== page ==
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Tide Pods a Snack? Why Is This a Question?

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Social media challenges and trends on the internet take storm daily; from the gallon milk challenge, the cinnamon challenge, and ice bucket of water challenge, the Tide Pod challenge has risen. Tide Pods are brightly colored packets of laundry detergent and appears to look like a fruity, chewy snack to some teenagers. The challenge consists of a few different strategies, such as biting directly into them, cooking them in frying pans, or chewing them up before spitting out the soap altogether. From the looks of it, the challenge does not have a straight-forward objective, and it is uncertain of how the fad was started.

Last year, per The Seattle Times, College Humor (a popular parody YouTube channel) published a video titled “Don’t Eat Laundry Pods.” It showed a college student “researching the dangers associated with exposure to the packets” as he consumed them and ended up on an ambulance stretcher. It seems that the video resurfaced in late 2017 and early 2018 as the video became more popular and appealing to teens today.

Marc Pagan, 19, informed CBS News about how he was dared to attempt the challenge.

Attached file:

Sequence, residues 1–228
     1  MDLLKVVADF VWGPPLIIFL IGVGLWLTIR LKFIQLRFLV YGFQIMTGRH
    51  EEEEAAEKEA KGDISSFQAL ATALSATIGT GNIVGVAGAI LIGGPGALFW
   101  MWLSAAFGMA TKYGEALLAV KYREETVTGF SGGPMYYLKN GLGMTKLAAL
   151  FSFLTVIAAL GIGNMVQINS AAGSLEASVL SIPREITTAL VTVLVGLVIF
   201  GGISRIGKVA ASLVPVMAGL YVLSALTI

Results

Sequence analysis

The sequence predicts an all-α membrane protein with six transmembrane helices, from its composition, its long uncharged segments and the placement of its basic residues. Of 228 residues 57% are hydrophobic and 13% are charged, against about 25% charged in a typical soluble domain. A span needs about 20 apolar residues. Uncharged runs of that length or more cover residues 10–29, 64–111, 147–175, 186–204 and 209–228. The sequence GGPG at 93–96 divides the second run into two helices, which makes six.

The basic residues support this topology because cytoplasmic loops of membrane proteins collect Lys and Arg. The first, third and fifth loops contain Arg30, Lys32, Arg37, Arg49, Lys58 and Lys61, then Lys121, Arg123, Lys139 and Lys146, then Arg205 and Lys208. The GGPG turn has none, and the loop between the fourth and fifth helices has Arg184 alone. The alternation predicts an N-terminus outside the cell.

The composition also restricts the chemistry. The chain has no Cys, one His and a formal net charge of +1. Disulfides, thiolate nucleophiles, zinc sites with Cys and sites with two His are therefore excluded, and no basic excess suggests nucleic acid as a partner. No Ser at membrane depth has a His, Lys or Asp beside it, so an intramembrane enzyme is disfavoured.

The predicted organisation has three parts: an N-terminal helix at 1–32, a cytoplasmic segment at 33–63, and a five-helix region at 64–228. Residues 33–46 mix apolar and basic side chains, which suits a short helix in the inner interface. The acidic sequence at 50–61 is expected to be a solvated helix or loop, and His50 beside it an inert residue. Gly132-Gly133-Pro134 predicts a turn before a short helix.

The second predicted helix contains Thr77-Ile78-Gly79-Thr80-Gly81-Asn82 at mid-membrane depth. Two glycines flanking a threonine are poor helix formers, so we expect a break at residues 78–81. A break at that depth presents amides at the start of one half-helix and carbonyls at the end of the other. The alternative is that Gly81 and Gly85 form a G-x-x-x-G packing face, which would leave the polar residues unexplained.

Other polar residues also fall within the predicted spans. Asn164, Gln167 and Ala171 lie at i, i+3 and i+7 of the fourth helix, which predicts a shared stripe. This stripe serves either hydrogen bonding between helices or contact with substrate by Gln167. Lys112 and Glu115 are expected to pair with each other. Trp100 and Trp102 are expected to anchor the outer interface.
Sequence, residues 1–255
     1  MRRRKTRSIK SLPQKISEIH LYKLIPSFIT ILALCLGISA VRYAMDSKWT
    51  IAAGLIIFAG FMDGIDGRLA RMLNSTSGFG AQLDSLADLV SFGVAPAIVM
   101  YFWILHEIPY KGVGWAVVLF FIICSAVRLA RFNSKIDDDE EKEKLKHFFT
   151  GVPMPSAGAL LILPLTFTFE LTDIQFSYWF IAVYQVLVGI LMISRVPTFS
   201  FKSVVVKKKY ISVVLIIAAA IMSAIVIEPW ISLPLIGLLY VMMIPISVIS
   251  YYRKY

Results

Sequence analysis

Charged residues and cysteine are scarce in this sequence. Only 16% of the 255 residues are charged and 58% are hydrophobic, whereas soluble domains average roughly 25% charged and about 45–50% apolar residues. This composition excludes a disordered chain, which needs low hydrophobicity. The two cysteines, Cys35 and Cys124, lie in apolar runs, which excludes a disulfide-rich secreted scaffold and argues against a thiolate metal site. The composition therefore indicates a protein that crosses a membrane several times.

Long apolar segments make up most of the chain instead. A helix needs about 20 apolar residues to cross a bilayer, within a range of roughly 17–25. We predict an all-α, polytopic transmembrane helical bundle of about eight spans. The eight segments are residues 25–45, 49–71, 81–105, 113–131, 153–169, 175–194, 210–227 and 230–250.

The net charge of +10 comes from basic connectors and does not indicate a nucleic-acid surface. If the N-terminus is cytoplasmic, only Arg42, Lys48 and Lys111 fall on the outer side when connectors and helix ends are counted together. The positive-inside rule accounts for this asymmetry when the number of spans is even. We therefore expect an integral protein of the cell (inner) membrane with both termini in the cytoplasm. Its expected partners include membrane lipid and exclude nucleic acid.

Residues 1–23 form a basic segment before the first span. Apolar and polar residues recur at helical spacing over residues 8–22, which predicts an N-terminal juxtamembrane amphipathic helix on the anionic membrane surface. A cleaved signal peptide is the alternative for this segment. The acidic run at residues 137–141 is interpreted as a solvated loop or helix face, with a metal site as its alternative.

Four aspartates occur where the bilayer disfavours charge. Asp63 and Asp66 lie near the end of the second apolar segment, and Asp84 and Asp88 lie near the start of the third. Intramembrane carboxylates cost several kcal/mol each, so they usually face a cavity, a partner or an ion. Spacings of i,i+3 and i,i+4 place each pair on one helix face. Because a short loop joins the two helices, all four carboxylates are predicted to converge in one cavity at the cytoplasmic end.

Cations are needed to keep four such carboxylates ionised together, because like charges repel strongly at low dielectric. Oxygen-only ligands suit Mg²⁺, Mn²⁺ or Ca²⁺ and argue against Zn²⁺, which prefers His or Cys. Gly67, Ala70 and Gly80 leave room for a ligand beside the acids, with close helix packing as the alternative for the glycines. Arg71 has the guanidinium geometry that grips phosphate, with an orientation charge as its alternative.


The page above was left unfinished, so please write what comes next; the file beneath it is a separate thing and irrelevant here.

“A lot of people were just saying how stupid I was… why would I be willing to do that? No one should be putting anything like that into their mouths, you know?” Marc is correct, as experts say the challenge is highly dangerous and can cause long-term effects if taken seriously. Jana L. Anderson from the Mayo Clinic warns citizens about the damage this concentrated liquid can do to your body. First, the pod will explode in your mouth and cause irritation, coughing, and gagging. If one manages to swallow the detergent, it will cause burns to the esophagus and stomach, as well as gastrointestinal distress. If one inhales the detergent while swallowing or vomiting, it can eventually cause serious respiratory distress.

In 2018 alone, there have been 37 intentional cases among teenagers, risking their lives for a pretty pod of poison. So, “Technically, yes, you can die if you inhaled or ingest large amounts of the laundry detergent,” Anderson explains. It is more likely that a “small child could die from a single tide pod if they got enough of it in their lungs,” but is not as deadly to teenagers or adults.

Tide made a statement about the challenge: “Our laundry packs are a highly concentrated detergent to clean clothes, and they are used safely in millions of households [daily]. They should only be used to clean clothes and kept up, closed, and away from children. They should not be played with, whatever the circumstance is, even if it is meant as a joke.”

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Tide Pods a Snack? Why Is This a Question?